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Biotechnol J. 2007 Jan;2(1):133-42.

Are transversion mutations better? A Mutagenesis Assistant Program analysis on P450 BM-3 heme domain.

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International University Bremen, School of Engineering and Science, Bremen, Germany.


Directed evolution represents a versatile tool to tailor enzyme properties to needs in industrial applications and to understand structure-function relationships. Genetic diversity is commonly generated using error-prone PCR. Exploration of sequence space by random mutagenesis strongly favors transitions when enzyme-based mutagenesis methods are employed (Wong, T. S., Zhurina, D., Schwaneberg, U., Comb. Chem. High Throughput Screen. 2006, 9, 271-288). The genetic code has been organized in a manner that limits chemical diversity when a single transition mutation occurs in a codon (Wong, T. S., Roccatano, D., Schwaneberg, U., Biocatal. Biotransformation 2006, in press). Are transitions more beneficial than transversions for adapting biocatalysts to non-natural process conditions? In a statistical analysis performed with the Mutagenesis Assistant Program (MAP), we compared the consequences of transition and transversion bias on amino acid substitution patterns of the P450 BM-3 heme domain. For the analysis, we used a recently introduced benchmarking system consisting of a protein structure indicator, an amino acid diversity indicator with a codon diversity coefficient, and a chemical diversity indicator. A detailed analysis for the P450 BM-3 heme domain showed that an ideal transversion bias generates more diverse amino acid substitution patterns with a significantly different chemical composition than an ideal transition bias. Emphasis is given on the theoretical analysis with a brief discussion on potential implication of transition and transversion bias in directed evolution experiments.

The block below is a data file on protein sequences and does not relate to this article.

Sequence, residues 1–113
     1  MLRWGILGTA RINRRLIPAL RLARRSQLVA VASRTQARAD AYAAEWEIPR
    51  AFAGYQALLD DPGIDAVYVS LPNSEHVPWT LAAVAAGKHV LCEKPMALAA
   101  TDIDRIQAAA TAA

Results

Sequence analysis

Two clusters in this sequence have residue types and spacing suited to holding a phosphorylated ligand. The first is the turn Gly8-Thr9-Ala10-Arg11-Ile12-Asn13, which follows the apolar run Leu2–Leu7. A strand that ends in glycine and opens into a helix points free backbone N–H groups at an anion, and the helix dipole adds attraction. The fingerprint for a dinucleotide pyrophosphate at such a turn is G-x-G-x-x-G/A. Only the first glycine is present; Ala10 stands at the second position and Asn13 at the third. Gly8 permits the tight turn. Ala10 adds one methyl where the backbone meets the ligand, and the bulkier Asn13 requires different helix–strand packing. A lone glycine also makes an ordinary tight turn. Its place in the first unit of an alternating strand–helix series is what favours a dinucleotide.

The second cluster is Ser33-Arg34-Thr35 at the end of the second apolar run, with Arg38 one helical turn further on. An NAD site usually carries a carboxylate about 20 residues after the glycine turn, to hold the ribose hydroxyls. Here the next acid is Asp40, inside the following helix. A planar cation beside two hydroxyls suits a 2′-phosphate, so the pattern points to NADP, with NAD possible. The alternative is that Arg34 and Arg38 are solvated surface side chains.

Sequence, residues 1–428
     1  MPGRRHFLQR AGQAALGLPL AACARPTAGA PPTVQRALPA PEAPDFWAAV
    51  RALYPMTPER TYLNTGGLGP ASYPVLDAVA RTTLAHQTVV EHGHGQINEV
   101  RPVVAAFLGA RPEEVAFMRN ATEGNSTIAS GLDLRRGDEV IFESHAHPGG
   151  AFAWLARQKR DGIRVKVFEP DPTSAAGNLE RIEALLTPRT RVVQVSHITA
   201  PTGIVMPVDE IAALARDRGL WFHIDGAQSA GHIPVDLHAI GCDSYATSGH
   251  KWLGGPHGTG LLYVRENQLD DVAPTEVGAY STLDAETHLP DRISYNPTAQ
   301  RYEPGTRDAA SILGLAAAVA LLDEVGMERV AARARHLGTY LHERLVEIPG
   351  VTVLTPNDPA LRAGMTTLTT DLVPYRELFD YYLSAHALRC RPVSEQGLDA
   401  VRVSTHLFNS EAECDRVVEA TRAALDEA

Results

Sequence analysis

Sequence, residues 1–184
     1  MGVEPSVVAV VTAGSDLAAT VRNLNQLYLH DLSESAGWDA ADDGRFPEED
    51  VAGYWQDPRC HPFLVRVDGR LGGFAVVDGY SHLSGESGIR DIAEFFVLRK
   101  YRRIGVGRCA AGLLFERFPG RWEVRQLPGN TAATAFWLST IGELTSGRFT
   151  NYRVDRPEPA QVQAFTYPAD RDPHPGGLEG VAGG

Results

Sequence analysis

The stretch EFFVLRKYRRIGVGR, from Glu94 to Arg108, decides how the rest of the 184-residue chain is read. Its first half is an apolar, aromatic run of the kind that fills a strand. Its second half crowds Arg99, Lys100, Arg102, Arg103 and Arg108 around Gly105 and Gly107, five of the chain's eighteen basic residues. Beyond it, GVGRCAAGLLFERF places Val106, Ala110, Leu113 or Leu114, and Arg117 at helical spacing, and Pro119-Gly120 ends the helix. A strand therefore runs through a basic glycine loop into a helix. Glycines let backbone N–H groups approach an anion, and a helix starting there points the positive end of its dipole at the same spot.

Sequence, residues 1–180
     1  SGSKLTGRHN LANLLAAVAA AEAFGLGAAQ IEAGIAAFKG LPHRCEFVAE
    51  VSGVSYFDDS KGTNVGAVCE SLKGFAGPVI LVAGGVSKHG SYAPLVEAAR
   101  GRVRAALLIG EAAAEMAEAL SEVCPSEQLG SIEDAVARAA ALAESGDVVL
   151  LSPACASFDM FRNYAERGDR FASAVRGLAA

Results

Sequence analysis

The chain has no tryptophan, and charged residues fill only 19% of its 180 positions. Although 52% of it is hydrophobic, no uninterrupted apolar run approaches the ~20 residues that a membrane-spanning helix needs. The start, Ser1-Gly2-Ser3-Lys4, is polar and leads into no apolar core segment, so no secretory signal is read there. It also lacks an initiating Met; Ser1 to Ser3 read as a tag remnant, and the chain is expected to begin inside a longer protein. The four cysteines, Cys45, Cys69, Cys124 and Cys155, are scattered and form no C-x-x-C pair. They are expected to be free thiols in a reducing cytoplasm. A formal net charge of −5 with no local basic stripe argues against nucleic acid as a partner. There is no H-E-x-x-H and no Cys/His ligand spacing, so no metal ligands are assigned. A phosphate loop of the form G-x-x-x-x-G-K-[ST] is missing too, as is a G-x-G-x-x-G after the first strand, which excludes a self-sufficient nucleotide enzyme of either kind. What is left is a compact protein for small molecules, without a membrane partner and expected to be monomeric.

[Indexed for MEDLINE]

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